Building Malawi’s First Utility-Scale Solar-Plus-Storage Power Project
The 20 megawatt (MW) Golomoti Solar Project in Malawi is the first of its scale in Southern Africa to include a battery energy storage system, which will enable the plant to provide reliable, renewable electricity and strengthen the national power grid.
PROJECT UPDATE: May 9, 2022. The Golomoti Solar PV and Battery Energy Storage Project in Malawi has successfully entered commercial operations. The project will feed 20 megawatt (MW) of clean electricity into Malawi’s national grid, powering businesses and livelihoods in a country with one of the lowest electricity access rates in Southern Africa. Golomoti is the first utility-scale plant in the region to include a battery energy storage system (BESS). Such systems enable renewables to displace fossil fuels, such as coal and diesel, which contribute significantly to climate change. JCM Power completed the project 12 months after beginning construction in April 2021, despite COVID-19 and global supply chain challenges.
In Dedza, Malawi, approximately 100 kilometers southeast of the capital, Lilongwe, construction is nearly complete on what will be a revolutionary power project. Co-developed by Power Africa partners, JCM Power and the Private Infrastructure Development Group’s InfraCo Africa, and with financial support from Innovate UK, the Golomoti Solar Photovoltaic (PV) and Battery Energy Storage Project will generate 20 MW of clean electricity, and will be the first utility-scale plant in the region to include a battery energy storage system (BESS).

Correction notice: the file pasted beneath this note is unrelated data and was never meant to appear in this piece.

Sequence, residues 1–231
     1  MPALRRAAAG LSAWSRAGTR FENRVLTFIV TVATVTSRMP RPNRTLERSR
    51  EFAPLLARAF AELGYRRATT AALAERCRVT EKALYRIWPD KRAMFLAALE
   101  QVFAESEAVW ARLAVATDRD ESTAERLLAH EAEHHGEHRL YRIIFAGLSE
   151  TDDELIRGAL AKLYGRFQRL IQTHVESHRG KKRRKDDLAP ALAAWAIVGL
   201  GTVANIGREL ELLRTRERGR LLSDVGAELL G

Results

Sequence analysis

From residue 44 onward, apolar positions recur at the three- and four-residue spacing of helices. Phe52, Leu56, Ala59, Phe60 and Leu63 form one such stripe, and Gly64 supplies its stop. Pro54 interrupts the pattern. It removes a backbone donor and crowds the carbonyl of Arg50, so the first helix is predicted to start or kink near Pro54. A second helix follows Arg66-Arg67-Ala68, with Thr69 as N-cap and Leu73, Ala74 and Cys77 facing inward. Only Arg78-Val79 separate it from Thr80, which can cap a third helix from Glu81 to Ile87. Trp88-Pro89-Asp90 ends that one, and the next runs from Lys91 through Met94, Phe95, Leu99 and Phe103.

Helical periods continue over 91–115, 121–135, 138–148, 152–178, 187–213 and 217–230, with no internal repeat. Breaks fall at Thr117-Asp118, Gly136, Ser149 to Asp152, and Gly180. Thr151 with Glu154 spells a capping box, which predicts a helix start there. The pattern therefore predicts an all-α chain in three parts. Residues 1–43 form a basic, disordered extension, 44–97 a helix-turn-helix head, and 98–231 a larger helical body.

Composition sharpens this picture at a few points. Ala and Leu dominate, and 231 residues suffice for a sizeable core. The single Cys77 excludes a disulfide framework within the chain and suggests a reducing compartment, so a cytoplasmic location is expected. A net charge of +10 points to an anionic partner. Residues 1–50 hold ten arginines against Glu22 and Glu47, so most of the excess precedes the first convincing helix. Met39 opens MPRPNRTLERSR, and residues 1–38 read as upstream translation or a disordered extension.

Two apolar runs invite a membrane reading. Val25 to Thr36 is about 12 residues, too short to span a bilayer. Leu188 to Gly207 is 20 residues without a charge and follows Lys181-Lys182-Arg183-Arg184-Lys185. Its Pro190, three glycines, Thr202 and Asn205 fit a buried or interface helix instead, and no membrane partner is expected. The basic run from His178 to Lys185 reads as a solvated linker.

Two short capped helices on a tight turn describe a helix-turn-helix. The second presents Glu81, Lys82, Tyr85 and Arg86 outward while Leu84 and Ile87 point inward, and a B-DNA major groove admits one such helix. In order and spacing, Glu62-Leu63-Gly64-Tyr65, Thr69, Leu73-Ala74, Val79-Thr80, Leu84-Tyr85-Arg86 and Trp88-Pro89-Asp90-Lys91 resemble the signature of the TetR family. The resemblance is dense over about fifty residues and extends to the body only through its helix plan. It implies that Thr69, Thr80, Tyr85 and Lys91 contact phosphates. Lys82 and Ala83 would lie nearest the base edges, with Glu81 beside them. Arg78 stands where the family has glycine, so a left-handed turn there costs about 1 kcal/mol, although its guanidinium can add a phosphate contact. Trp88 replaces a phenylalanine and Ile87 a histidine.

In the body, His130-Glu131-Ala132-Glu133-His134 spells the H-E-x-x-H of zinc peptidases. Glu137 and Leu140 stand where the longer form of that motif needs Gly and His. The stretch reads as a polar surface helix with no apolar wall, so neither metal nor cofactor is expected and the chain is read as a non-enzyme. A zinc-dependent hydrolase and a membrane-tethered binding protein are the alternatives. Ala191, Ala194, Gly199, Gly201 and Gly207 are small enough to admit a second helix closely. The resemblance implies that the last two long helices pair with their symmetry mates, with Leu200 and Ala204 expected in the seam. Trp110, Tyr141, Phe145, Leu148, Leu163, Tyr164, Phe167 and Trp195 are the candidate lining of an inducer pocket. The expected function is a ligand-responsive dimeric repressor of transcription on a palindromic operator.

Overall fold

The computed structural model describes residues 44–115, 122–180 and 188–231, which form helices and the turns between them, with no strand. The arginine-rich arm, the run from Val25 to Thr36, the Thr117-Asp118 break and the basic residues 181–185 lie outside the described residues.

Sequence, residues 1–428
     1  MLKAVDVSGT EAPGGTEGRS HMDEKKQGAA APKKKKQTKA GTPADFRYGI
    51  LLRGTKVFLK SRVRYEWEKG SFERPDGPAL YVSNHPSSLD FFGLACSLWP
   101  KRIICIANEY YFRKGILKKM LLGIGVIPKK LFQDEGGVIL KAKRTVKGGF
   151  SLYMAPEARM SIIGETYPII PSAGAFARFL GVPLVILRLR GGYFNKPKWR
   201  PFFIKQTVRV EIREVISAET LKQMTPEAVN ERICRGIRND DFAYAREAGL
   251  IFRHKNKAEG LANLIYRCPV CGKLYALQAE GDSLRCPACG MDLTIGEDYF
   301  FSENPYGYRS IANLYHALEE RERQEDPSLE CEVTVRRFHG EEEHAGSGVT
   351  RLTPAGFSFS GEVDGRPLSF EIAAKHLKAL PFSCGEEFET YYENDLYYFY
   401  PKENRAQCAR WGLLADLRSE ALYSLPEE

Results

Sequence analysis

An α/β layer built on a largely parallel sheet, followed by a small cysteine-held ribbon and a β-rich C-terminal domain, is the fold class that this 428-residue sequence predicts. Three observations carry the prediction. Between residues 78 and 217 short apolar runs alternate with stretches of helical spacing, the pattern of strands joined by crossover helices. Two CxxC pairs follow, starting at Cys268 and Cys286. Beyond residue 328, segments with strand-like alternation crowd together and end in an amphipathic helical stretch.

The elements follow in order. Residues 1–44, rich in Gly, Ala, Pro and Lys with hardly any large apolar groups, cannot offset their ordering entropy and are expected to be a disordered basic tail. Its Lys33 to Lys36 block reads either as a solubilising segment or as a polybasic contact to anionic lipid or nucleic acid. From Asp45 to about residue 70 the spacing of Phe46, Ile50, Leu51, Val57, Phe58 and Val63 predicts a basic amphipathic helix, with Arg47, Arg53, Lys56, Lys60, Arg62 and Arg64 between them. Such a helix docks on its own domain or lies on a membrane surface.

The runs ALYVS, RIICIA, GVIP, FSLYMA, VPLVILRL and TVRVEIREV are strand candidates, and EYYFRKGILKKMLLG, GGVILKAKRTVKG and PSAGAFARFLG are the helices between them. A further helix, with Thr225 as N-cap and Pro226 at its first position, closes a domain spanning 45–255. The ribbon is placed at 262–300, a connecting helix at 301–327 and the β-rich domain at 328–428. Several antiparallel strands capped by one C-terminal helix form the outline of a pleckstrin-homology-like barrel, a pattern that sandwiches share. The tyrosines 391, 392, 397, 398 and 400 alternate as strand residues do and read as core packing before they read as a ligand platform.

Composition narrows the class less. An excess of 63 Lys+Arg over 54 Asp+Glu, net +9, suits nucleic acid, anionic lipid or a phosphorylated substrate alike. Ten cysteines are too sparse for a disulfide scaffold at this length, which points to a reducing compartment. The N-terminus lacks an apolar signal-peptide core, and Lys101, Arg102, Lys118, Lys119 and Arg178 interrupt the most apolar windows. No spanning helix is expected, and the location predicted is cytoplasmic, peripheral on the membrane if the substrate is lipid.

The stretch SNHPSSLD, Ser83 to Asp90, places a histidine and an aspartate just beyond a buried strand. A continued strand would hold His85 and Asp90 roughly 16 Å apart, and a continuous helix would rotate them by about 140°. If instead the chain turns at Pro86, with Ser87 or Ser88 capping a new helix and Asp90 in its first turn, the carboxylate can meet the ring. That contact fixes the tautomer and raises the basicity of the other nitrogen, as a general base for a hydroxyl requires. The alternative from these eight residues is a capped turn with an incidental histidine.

Investment in solar-plus-storage power projects will be a big boost for a country that currently relies on hydroelectric power, which at the moment comprises approximately 70 percent of Malawi’s installed generation capacity. The region’s prolonged drought leaves Malawi vulnerable to frequent power cuts, as the majority of hydropower plants are located along the Shire River, which also experiences high levels of siltation that reduce flow levels and curtail generation capacity, forcing the national electricity utility, ESCOM, to resort to expensive diesel generators when demand peaks.
In addition to the high environmental cost through the associated carbon dioxide (CO2) emissions, emergency power from diesel generators places a burden on the utility as the cost of supplying electricity cannot be fully recovered from consumers.
For a country with one of the lowest electricity access rates in the region and one that aspires to be an industrialized economy, the current generation capacity shortfall is a major constraint. Malawi’s ability to procure renewable energy can reliably and cost-effectively meet electricity demand, stimulate economic growth, and drastically reduce carbon emissions to mitigate climate change.
Lighting up Malawi Through Partnership and Investment
In September 2018, the Government of Malawi launched the country’s first-ever competitive tender in the power sector by using the independent power producer procurement framework developed with support from the Millennium Challenge Corporation (MCC). The MCC, an innovative and independent U.S. Government foreign assistance agency and Power Africa partner, made significant investments in Malawi’s energy sector between 2013 and 2018 through its Malawi Compact. MCC’s emphasis on intensive policy and institutional reforms, as well as infrastructure investment, transformed Malawi’s power sector and laid the groundwork for private-sector investment.